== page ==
It is extra important that consumers are aware of this before applying as they are usually in a stressful situation when applying for bridging loans therefore they need to be vigilant against misunderstanding interest rate charges.
(PRWEB) April 3, 2007
Bridging Loan providers, PersonalLoansMadeEasy.co.uk, have issued a warning to consumers to make sure they fully understand the differences in interest rates offered on bridging loans and commercial bridging finance to normal rates of APR (Annual Percentage Rate).
Manager of PersonalLoansMadeEasy.co.uk, Steve Wild, says "We have seen a surge in demand for this type of loan recently. It's a bit early to say what is responsible for this, but we are hearing from more and more people who desperately need to fund the gap between monies being released from a property sold and money needed to purchase a property, as well as people needing cash quickly for properties bought at auction.
"Bridging finance is really a distress product and usually only turned to as a matter of last resort when all other financial avenues have turned into cul-de-sacs. Monies lent for bridging purposes are usually charged on a monthly basis, so an interest rate of 1.5% or 2% sounds low, but people need to realise this is on a monthly basis, not an annual percentage rate.
"It is extra important that consumers are aware of this before applying as they are usually in a stressful situation when applying for bridging loans therefore they need to be vigilant against misunderstanding interest rate charges."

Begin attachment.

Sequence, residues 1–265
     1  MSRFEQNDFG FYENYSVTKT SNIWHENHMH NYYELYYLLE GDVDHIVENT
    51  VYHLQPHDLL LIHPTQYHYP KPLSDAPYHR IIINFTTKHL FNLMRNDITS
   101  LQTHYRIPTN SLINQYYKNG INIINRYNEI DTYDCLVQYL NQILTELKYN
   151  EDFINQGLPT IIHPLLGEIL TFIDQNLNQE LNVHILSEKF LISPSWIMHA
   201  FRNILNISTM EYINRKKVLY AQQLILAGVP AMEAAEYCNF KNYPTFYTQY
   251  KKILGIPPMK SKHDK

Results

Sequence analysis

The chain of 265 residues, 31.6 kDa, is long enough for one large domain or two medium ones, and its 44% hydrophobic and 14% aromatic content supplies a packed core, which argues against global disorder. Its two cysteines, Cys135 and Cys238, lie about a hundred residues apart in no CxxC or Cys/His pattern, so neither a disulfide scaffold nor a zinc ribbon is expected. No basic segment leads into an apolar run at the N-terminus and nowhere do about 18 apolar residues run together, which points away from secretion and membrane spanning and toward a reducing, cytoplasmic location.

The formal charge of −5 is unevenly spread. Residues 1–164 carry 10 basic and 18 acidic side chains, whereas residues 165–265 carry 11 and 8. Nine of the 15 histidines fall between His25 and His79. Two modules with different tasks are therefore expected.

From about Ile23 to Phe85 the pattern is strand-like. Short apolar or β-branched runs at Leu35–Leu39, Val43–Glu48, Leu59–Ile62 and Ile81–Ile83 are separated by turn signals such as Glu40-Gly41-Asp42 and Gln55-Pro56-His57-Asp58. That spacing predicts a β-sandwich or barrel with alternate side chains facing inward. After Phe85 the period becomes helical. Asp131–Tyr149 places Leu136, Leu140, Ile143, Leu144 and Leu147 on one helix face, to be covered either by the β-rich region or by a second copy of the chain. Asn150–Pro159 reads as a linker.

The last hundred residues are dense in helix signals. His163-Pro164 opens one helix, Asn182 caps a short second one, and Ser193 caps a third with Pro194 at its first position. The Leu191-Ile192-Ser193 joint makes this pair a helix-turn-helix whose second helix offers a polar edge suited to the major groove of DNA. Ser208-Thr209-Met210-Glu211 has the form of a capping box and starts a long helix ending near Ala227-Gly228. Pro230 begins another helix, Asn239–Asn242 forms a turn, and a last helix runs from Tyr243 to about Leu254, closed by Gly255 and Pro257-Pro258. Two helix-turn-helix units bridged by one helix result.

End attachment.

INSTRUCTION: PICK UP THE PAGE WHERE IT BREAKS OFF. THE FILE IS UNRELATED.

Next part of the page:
PersonalLoansMadeEasy.co.uk offer secured loans for all circumstances, as well as a Loans Blog to help answer customer questions about loans in general.
"Product information and absolute transparency are our mantras, especially as it helps make us more efficient not taking applications from people who are expecting to pay only a few hundred pounds interest on a £250,000 loan. They should be aware of the fact that it is more likely to be in the thousands as our lending panel are taking considerable short terms risks, but we are digging clients out of short term holes -- something there seems to be more and more of", continued Steve.
Bridging loans are sometimes also known as "caveat loans" and are often lent in days rather than weeks, another reason for the higher leverage needed by the lenders to make it worth lending. With thousands of endowment mortgages expected to come to and end soon, with shortfalls, bridging loans could be set to rise in demand for some considerable time to come.
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